On Monday Governor Cuomo made a surprise announcement that movie theaters in America’s biggest market, New York City, could reopen on March 5. They would be restricted to 25 percent capacity, with no more than 50 people per screen, and audience members would be asked to wear masks and maintain social distancing. Further guidelines of air filtration and purification standards would also be required.
While major chains like AMC and Regal will likely be able to open their doors, some independent theaters of New York City, e.g. all the cool places, aren’t quite as able, or willing, to snap to it.
As reported by the New York Post, Governor Cuomo’s guidelines may not make economic sense for all without any kind of state aid. As Harvey Elgart, owner of small theaters in Brooklyn and Queens that cater to non-superhero flicks explained to the paper, the 25 percent limit won’t cover his costs. “The utility bills, the electric, the heat. It’s a major cash-flow problem to open with so few people to come. I can actually do better by staying closed than open,” he said. He added that he felt “totally abandoned” by the Governor after he allowed other theaters in the state to reopen much earlier.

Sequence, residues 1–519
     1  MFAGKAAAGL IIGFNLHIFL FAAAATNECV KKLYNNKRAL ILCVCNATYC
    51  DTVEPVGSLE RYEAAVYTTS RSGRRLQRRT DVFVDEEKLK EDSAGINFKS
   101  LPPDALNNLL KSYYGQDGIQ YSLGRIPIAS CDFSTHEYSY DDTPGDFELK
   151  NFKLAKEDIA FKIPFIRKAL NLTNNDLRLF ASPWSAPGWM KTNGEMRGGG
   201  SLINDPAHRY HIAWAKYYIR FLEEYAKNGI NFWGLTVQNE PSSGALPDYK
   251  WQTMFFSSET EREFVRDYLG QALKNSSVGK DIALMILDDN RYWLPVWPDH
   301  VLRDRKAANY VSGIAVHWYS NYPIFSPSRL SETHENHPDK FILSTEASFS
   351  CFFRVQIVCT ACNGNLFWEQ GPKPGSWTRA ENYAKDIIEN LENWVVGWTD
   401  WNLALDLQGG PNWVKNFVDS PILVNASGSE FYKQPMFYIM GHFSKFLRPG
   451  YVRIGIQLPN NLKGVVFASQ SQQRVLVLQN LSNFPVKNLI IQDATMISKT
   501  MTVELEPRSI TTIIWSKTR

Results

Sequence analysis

Nick Nicolaou, owner of the NYU-adjacent Cinema Village, said he found out about the March 5 reopen “like everyone else on the news.” He hopes to get the projectors moving by April 1, but worries about the expenses of retraining staff and an abandoned lobby with burst pipes while keeping to a 25 percent audience cap.
But the Angelika Film Center, arguably the epicenter of first-run indie cinema in New York City, will meet the March 5 date. Their social media announcement added that the Village East on 2nd Ave and Cinema 123 on the Upper East Side have now joined the small Angelika chain for a post-pandemic life.
The IFC Center is also ready to go for March 5.
Lower Manhattan’s not-for-profit Film Forum, which has been eager to reopen for since late summer, announced via social media that they’ll be back in business on April 2.
The luxe arthouse Metrograph, however, is, for now, sticking with their virtual cinema program.
Other essential NYC spots like Film at Lincoln Center and MoMA Film, which work in association with larger arts facilities, as well as Anthology Film Archives, have yet to get specific about reopening dates. The Museum of the Moving Image did, however, announce the spring slate for their Queens Drive-In, a successful collaboration with Rooftop Films that was pretty much the only good cultural development in New York City last year.
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